Results: 2-Hydroxyestradiol was the major hydroxyestrogen detected, followed by 6alpha-hydroxyestradiol. Small amounts of several other hydroxyestrogen metabolites (4-hydroxyestradiol, 6beta-hydroxyestradiol, 7alpha-hydroxyestradiol, and 16alpha-hydroxyestradiol) were also detected. Large amounts of estrone plus small amounts of 2-hydroxyestrone and unidentified nonpolar metabolites were formed. Cigarette smoking stimulated the placental hydroxylation of benzo[a ]pyrene by about 16-fold. Cigarette smoking had little or no effect on the overall rate of placental estradiol metabolism or on the formation of estrone, 2-hydroxyestradiol, 2-hydroxyestrone, or 16alpha-hydroxyestradiol. However, placental formation of 4-hydroxyestradiol and 7alpha-hydroxyestradiol was increased 38% (P =.08) and 150% (P =.05), respectively, in cigarette smokers. The formation of 6alpha-hydroxyestradiol was decreased 33% (P =.04). Metabolic formation of 15alpha-hydroxyestradiol was observed during incubations of estradiol with placental microsomes from 11 of the 13 cigarette smokers, but this metabolite was not detected during incubations with placental microsomes from any of the 13 nonsmokers. Analysis of data from all 26 placentas showed that the 15alpha-hydroxylation of estradiol was highly correlated with benzo[a ]pyrene hydroxylation (r = 0.93; P <.001).

Conclusions: Many hydroxylated estradiol metabolites were formed by placental microsomes from cigarette smokers and nonsmokers. 15alpha-Hydroxylation of estradiol was markedly stimulated in the placentas of cigarette smokers.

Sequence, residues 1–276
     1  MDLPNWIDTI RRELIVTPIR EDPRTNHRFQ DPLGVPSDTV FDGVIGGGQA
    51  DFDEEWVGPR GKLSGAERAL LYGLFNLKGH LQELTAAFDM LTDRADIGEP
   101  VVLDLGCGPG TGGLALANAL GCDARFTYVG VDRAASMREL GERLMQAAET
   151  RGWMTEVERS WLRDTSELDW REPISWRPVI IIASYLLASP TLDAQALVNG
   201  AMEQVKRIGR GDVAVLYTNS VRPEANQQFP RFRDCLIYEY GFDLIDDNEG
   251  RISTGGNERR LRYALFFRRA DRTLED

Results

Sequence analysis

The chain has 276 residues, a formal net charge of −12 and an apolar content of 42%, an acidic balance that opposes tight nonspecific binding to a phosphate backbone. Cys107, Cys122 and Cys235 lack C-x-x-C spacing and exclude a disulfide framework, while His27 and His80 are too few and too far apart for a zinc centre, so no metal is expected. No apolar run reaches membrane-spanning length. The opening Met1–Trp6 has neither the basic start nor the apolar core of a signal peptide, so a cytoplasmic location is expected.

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http://dx.doi.org/10.1067/mcp.2002.122500DOI Listing
May 2002

Induction of CYP1A1 and CYP1B1 in T-47D human breast cancer cells by benzo[a]pyrene is diminished by arsenite.

Drug Metab Dispos 2002 Mar;30(3):262-9

Laboratory of Human Toxicology and Molecular Epidemiology, Wadsworth Center, New York State Department of Health, Albany, New York 12201-0509, USA.

Polycyclic aromatic hydrocarbons (PAHs) and metals are often environmental cocontaminants, yet there have been relatively few studies of combined effects of PAHs and metals on cytochrome P450 (P450)-catalyzed metabolism. We examined the effects of NaAsO(2) in combination with benzo[a]pyrene (BAP) on CYP1A1 and CYP1B1 in T-47D human breast cancer cells by using estrogen metabolism as a probe of their activities. Exposure to BAP caused elevated rates of the 2- and 4-hydroxylation pathways of estrogen metabolism, indicating induction of both CYP1A1, an estradiol 2-hydroxylase, and CYP1B1, an estradiol 4-hydroxylase. BAP-induced metabolism peaked 9 to 16 h after exposure and returned to near-basal levels by 48 h. Concentration-response studies showed maximal induction of the 2- and 4-hydroxylation pathways at 3 microM BAP; higher levels caused reduced rates of metabolism due to inhibition of CYP1A1 and CYP1B1. NaAsO(2) caused pronounced decreases in the induction of CYP1A1 and CYP1B1 by 3 microM BAP because cotreatment with 10 microM NaAsO(2) inhibited the rates of the 2- and 4-hydroxylation pathways by 86 and 92%, respectively. Western immunoblots showed diminished levels of BAP-induced CYP1A1 by coexposure to NaAsO(2). The levels of the CYP1A1 and CYP1B1 mRNAs induced by BAP were not significantly affected by coexposure to NaAsO(2); however, heme oxygenase 1 mRNA levels were markedly induced by coexposure to BAP and NaAsO(2). These results indicate a post-transcriptional inhibitory effect of arsenite on the expression of CYP1A1 and CYP1B1 in T-47D cells, possibly resulting from reduced heme availability.
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http://dx.doi.org/10.1124/dmd.30.3.262DOI Listing
March 2002